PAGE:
Henri Nouwen says the feeling of being blessed seems not to be the feeling we generally have about ourselves. “I suspect that many people suffer from a deep sense of being cursed.” (page 74) Is that true for you or for others whom you know?
What are the two things we can do to claim our blessedness?
The real work of prayer is to become silent and listen to the voice that says good things about me (page 75). Have you thought of or practiced prayer in this way?
and it is in dying that we are born to eternal life.
Find for yourself a ‘sacred text’ such as this prayer by St. Francis (or the Lord’s Prayer, or Psalm 23, or 1 John 4:7-8), memorize it, then repeat it to yourself, over and over, slowly, word for word. Listen for the voice of love in the sacred text.
Henri Nouwen says it is “not easy for us, busy people, to truly receive a blessing. It has become extremely difficult for us to stop, listen, pay attention and receive gracefully what is offered to us” (page 79). Is this true for you? If so, what steps can you take to cultivate this attentiveness?
“Claiming your own blessedness always leads to a deep desire to bless others. The characteristic of the blessed ones is that, wherever they go, they always speak words of blessing.” (page 82) Have you discovered this to be true of yourself or of others you have known?
Galatians 5:22-26 2By contrast, the fruit of the Spirit is love, joy, peace, patience, kindness, generosity, faithfulness, 23gentleness, and self-control. There is no law against such things. 24And those who belong to Christ Jesus have crucified the flesh with its passions and desires. 25If we live by the Spirit, let us also be guided by the Spirit. 26Let us not become conceited, competing against one another, envying one another.
Matthew 5:1-12 5When Jesus* saw the crowds, he went up the mountain; and after he sat down, his disciples came to him. 2Then he began to speak, and taught them, saying:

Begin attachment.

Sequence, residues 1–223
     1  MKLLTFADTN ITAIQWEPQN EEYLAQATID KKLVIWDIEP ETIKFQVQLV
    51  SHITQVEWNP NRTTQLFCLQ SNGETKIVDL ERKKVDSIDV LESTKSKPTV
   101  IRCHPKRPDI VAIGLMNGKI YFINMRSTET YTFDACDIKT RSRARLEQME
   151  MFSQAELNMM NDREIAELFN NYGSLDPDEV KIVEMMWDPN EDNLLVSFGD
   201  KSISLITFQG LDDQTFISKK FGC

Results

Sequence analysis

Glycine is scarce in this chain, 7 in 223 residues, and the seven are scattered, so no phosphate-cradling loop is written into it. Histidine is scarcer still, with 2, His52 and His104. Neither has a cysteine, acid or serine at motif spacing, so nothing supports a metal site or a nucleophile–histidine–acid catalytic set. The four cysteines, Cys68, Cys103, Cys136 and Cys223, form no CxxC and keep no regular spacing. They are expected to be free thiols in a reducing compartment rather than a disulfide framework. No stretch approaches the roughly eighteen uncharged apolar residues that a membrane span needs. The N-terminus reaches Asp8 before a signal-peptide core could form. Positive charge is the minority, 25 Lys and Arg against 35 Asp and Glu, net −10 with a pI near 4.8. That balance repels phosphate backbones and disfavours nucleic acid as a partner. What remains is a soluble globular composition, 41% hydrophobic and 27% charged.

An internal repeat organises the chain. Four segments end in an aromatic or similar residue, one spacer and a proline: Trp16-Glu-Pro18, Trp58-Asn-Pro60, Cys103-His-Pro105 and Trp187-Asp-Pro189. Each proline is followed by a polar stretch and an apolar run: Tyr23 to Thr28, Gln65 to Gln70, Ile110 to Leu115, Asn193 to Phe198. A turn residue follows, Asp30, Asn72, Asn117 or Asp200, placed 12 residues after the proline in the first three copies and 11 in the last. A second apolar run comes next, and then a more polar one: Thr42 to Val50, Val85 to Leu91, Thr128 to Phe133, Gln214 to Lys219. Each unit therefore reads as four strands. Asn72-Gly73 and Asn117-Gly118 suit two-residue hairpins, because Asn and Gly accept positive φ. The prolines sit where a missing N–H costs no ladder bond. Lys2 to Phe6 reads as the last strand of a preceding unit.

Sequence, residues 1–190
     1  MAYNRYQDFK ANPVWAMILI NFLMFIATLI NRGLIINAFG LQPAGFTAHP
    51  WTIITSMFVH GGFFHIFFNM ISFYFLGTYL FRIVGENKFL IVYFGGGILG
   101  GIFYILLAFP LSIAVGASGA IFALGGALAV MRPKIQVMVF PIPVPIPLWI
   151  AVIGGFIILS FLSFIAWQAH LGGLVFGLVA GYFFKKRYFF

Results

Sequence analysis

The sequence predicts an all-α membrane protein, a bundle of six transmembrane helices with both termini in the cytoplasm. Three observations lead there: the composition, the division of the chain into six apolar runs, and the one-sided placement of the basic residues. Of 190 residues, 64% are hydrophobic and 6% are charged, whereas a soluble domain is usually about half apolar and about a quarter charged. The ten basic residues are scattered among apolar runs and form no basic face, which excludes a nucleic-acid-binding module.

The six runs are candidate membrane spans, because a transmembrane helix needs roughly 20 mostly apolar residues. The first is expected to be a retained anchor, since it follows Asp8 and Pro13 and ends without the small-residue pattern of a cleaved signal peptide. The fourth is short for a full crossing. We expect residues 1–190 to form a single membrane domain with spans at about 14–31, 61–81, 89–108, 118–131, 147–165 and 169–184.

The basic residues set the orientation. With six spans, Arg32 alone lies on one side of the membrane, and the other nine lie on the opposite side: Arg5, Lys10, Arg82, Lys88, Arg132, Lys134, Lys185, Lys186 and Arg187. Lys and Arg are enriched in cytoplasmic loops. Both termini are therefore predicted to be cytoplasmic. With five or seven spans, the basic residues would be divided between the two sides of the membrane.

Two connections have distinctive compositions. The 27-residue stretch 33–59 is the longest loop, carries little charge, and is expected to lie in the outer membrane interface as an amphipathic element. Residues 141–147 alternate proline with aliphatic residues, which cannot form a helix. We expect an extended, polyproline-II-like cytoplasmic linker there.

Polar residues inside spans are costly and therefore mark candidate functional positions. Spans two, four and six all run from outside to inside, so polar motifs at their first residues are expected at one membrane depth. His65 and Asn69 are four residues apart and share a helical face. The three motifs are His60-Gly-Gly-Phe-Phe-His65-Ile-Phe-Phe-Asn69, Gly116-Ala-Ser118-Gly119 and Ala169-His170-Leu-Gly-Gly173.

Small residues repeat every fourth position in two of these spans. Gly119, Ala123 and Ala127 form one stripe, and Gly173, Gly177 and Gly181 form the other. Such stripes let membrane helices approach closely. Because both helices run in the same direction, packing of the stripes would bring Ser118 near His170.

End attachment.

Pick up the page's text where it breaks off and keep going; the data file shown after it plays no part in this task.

3 ‘Blessed are the poor in spirit, for theirs is the kingdom of heaven.
4 ‘Blessed are those who mourn, for they will be comforted.
5 ‘Blessed are the meek, for they will inherit the earth.
6 ‘Blessed are those who hunger and thirst for righteousness, for they will be filled.
7 ‘Blessed are the merciful, for they will receive mercy.
8 ‘Blessed are the pure in heart, for they will see God.
9 ‘Blessed are the peacemakers, for they will be called children of God.
10 ‘Blessed are those who are persecuted for righteousness’ sake, for theirs is the kingdom of heaven.
11 ‘Blessed are you when people revile you and persecute you and utter all kinds of evil against you falsely* on my account. 12Rejoice and be glad, for your reward is great in heaven, for in the same way they persecuted the prophets who were before you.
Week 5: Broken
Loneliness, isolation, insecurity, frustration, confusion…all these are forms of brokenness. What for you is the most prominent or the most difficult brokenness you face?
In our brokenness lies a measure of our uniqueness. Our wounds are often an essential part of the fabric of our life. “Embracing it and bringing it into the light of the One who calls us the Beloved can make our brokenness shine like a diamond” (p. 100). Does this idea make sense to you?
There is a physical dimension to our brokenness. In fact, Nouwen suggests, it is exceedingly significant because we are physical beings. “Our sexuality reveals to us our enormous yearning for communion” (p. 90). Is it difficult for you to talk about or think about these kinds of needs, or your brokenness in this area? Do you think Nouwen places too much emphasis on this?